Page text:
Global Daily – Eurozone bank lending recovery stalls

by: Aline Schuiling , Nick Kounis , Maritza Cabezas

Euro Macro – Bank lending to companies softens – ECB data on money growth and bank lending in the eurozone revealed that the flow in bank loans (adjusted for sales and securitization) to non-financial corporations was EUR -0.4bn in September, following EUR -1.4bn in August. Although the monthly data can be very volatile, the data suggests that the upward trend in lending has stalled. Indeed, the 3-month moving average flow declined from EUR 5.6bn to EUR 3.0bn, while the annual growth rate in loans to companies has been stable at 1.9% for three months in a row now. The stabilisation in lending to companies was also signalled by the ECB’s Bank Lending Survey for Q3 that was published a week ago. This showed that banks had stopped easing lending standards on loans to companies in Q3 and that the pace of growth in loan demand had slowed down. Growth in bank lending tends to follow growth in fixed investment with a delay of around one year, so the slowdown in lending seems to reflect the weakening of fixed investment after the first quarter of last year. As investment has regained some momentum in the course of this year, we expect bank lending to also strengthen again. (Aline Schuiling)

Global-Daily-Insight-28-October-2016.pdf (217 KB)

UK Macro: GDP resilient to Brexit in Q3 – UK GDP growth was up by 0.5% qoq in Q3. This was down from 0.7% qoq in Q2, but was a more moderate slowdown than had been generally expected (consensus: 0.3%). Although business and consumer surveys weakened sharply in July, they staged a sharp rebound in August and September, suggesting that the confidence shock following the referendum was short-lived. Of course the adverse effects could come at a later point depending on the negotiations and whether the UK and EU will still maintain free trade. If the UK loses access to the single market, that will have real economic consequences. Indeed, the UK has government has made it clear that Article 50- triggering the exit negotiations – will be triggered by March of next year, so it will become a live issue before long. Our base case is that the UK and EU will eventually reach an agreement that gives the UK (significant) access to the single market, though the stark disagreement about the free movement of people means that there is a lot of uncertainty about the outcome. In any case, in the near term, the resilience of the economy and the sharp fall in sterling mean that the BoE is not likely to ease monetary policy further. (Nick Kounis)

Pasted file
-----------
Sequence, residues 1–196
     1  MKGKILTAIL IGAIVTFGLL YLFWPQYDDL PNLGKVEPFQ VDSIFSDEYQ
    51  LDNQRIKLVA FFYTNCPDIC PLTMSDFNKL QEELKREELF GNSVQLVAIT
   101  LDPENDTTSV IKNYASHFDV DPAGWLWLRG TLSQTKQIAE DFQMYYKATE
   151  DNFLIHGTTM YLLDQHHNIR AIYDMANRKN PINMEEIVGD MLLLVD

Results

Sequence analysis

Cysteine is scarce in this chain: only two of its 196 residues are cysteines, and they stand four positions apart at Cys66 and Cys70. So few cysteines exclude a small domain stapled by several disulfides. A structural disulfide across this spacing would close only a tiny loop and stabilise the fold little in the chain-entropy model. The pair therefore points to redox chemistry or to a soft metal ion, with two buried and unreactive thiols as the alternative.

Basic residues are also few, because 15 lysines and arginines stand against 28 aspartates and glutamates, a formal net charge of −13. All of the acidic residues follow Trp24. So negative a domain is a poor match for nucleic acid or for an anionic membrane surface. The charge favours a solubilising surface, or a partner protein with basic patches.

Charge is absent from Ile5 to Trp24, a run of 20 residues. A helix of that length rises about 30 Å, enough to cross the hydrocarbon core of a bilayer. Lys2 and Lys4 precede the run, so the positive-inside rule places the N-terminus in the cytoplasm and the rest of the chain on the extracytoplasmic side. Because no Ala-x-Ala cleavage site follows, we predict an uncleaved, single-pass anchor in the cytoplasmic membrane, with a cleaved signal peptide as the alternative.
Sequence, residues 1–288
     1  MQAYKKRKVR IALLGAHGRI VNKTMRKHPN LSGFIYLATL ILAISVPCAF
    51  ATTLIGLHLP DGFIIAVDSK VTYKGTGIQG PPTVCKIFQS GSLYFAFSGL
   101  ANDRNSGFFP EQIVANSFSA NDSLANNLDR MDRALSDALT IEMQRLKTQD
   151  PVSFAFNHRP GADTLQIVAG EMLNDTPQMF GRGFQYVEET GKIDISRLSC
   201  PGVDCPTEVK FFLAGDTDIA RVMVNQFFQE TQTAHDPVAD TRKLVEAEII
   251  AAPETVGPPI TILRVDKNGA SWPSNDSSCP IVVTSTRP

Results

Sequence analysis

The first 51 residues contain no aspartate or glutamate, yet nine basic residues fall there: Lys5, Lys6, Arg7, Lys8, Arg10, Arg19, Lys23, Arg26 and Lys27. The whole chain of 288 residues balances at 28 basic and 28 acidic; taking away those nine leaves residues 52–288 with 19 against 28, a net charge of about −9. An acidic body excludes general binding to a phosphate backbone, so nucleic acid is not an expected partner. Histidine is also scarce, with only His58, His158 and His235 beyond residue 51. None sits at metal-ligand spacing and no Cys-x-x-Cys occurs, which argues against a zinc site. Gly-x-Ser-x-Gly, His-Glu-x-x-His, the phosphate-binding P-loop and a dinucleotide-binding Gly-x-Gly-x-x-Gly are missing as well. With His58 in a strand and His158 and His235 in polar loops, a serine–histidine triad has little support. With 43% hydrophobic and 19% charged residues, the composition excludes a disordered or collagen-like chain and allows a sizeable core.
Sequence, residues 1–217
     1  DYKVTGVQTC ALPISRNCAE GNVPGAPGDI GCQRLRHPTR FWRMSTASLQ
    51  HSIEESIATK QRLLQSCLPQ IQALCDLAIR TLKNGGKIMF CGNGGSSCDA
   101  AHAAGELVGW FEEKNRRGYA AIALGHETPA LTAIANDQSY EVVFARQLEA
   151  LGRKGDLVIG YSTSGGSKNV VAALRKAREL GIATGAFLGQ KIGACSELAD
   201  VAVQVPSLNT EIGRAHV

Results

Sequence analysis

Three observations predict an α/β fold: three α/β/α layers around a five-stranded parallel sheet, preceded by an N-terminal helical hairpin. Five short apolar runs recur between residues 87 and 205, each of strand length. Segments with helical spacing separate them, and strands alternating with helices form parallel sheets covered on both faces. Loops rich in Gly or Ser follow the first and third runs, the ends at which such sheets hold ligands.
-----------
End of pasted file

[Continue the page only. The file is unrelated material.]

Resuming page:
US Macro: Some weakness in business investment in Q3, but less than previous quarter – Weak business investment has been one of the factors that has been holding back the US economy in the past quarters. New orders of capital goods ex-defence and ex-aircraft fell by 1.2% in September. This indicator is a proxy for business investment. This partly shows some payback after core orders increased by 1.2% in August. Capital goods shipments which the Bureau of Economic Analysis uses to estimate investment in durable equipment in the National Accounts, increased by 0.3%, after showing no change the previous month. We are anticipating a modest pickup in business investment in the coming quarters. Somewhat higher energy prices are likely to support energy related manufacturing activity, given that demand for mining equipment was suppressed in the past quarters. Overall, it seems that business investment will remain soft in Q3. Today US Q3 GDP growth will be released and we expect the economy to show firmer but still moderate growth of around 2.2% qoq, with consumption being the main driver. (Maritza Cabezas )